Federal law allows up to six withdrawals each month for online-only savings accounts. Most banks charge a small fee for each excess transaction.

This withdrawal restriction doesn’t apply to online checking accounts or standard savings accounts. The good news is that you can earn a higher interest rate and avoid bank fees.

What is a promotional APY?

The standard interest rate you earn on savings accounts is an annual percentage yield (APY). Most local bank savings accounts have an ongoing APY between 0.01 and 0.10 percent.

Many banks with high yield savings accounts have rates between 1.00 and 1.70 percent.

Banks may offer a limited-time promotional APY for new accounts. You might earn a 5.00 percent promotional APY for the first 12 months.

Your deposits earn the ongoing APY after the promotion period ends.

These promotions are an excellent way to grow your savings quickly. Read the promotion terms and conditions to make sure you qualify.

How does a savings account compare to a money market account or CD?

There are two common traits between savings accounts, money market accounts, and CDs:

  • FDIC-insured up to $250,000 (some banks offer more coverage)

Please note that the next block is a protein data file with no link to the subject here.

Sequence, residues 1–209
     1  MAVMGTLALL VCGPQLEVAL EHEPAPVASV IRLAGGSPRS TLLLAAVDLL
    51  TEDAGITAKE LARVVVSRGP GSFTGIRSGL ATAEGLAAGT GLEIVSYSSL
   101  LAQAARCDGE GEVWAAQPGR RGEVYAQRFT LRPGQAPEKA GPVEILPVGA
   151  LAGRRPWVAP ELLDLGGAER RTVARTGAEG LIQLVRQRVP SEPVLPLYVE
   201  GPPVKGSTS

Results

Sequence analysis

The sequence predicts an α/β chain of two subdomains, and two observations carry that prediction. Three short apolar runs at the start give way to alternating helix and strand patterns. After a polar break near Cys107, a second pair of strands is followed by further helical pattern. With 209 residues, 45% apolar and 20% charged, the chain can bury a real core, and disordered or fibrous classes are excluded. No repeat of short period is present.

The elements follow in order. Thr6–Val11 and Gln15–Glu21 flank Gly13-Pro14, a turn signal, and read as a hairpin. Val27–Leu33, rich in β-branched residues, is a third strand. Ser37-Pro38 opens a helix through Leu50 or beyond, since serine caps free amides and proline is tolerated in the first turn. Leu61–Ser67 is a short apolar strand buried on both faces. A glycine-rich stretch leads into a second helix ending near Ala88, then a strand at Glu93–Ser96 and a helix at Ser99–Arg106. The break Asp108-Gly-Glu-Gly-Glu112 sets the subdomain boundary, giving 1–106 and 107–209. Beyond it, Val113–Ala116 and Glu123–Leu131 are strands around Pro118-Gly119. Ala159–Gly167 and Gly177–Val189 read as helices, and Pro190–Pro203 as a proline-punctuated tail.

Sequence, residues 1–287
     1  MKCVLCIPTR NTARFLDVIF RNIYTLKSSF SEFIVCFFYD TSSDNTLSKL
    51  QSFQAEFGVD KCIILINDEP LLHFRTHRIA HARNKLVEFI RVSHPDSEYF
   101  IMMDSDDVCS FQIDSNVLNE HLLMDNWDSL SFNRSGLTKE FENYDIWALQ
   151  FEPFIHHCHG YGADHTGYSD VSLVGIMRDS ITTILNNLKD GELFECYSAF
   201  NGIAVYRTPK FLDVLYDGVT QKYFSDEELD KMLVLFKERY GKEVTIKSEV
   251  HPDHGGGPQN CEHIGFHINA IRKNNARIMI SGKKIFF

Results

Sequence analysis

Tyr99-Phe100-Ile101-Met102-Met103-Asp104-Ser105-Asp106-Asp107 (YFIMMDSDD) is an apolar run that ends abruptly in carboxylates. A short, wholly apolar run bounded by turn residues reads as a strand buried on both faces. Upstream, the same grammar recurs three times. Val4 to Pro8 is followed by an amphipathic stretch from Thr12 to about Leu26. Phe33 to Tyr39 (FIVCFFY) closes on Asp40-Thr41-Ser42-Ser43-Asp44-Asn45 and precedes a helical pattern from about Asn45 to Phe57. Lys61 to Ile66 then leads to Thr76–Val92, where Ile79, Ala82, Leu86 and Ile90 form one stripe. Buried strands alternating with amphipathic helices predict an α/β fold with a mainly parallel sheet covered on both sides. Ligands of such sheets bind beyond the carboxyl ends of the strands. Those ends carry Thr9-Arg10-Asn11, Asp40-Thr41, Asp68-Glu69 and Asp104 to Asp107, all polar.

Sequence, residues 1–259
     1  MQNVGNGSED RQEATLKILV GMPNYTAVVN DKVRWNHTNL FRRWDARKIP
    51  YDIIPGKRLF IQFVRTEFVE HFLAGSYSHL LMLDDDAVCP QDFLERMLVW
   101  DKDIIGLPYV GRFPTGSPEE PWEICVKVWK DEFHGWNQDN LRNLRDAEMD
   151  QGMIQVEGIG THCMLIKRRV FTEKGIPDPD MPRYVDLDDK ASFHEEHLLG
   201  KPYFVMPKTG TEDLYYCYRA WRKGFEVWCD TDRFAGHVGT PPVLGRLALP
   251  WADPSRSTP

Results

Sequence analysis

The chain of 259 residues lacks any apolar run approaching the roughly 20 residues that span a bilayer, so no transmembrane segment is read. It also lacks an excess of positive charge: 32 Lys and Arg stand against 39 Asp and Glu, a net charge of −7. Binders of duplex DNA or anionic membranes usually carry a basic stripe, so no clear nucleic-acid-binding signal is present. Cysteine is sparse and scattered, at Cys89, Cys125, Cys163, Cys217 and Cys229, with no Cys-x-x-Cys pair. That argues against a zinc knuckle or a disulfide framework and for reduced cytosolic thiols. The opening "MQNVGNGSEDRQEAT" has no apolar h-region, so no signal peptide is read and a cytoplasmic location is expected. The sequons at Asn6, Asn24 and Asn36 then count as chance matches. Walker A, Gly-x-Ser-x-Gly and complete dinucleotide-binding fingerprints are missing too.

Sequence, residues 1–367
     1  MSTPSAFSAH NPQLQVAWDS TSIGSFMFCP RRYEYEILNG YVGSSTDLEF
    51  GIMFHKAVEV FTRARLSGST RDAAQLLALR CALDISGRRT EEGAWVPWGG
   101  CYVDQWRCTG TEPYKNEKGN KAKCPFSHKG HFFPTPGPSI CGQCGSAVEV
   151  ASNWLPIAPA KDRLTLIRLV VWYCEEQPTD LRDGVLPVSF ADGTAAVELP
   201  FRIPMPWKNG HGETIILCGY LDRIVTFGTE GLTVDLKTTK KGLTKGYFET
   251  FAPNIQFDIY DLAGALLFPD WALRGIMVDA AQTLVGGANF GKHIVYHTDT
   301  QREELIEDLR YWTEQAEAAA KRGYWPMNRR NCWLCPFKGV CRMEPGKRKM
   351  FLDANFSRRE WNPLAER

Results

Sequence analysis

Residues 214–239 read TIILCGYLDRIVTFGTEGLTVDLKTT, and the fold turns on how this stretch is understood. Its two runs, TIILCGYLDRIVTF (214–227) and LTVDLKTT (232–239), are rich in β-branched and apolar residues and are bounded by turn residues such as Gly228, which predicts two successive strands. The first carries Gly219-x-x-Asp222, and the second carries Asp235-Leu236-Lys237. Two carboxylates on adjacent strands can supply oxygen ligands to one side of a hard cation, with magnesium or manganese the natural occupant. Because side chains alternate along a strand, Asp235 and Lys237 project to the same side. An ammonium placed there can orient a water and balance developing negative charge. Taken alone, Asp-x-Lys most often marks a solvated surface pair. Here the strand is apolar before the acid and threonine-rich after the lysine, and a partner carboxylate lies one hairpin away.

• All accounts can earn interest

Savings accounts and money market accounts are the most alike. You can make penalty-free monthly withdrawals. Banks may offer higher interest rates on savings accounts.

Money market accounts are more likely to offer an ATM card and paper checks. But some banks don’t offer an ATM card from savings accounts.

Bank CDs can earn the most interest of all three account types. However, you may not be able to withdraw your money until the CD term ends unless you pay an early redemption fee.

A 12-month CD, for instance, means you can’t touch that cash for one year.

Can I lose money?

High-yield savings accounts are a low-risk way to earn passive income on money you don’t invest in the stock market.

Most accounts are fee-free, so your monthly interest income isn’t reduced by fees.

Each savings account has FDIC insurance up to $250,000, but the coverage amount can be higher. If the bank fails, you can get the insured amount back.

You should open several accounts if you have more than $250,000 in cash savings.

One “hidden loss” for high-yield savings accounts is inflation. Even the best online bank saving rates have an APY that doesn’t outpace the actual rate of inflation.

The official US inflation rate is between two and three percent.



Finding the best interest rate and avoiding fees is one of the best ways to build wealth. A high-yield interest savings account is a fantastic place to park your emergency fund and save for future expenses.


Do you already have an online bank account? Can you earn more with one of these high-yield savings accounts? How often do you put money into your savings account?

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Josh uses his personal experience to write about saving money and getting out of debt. After getting out of debt, Josh switched careers in 2015 and took a 60% salary cut. He enjoys spending his free time with his wife and three young children or reading books. You can catch more of Josh's story at his blog,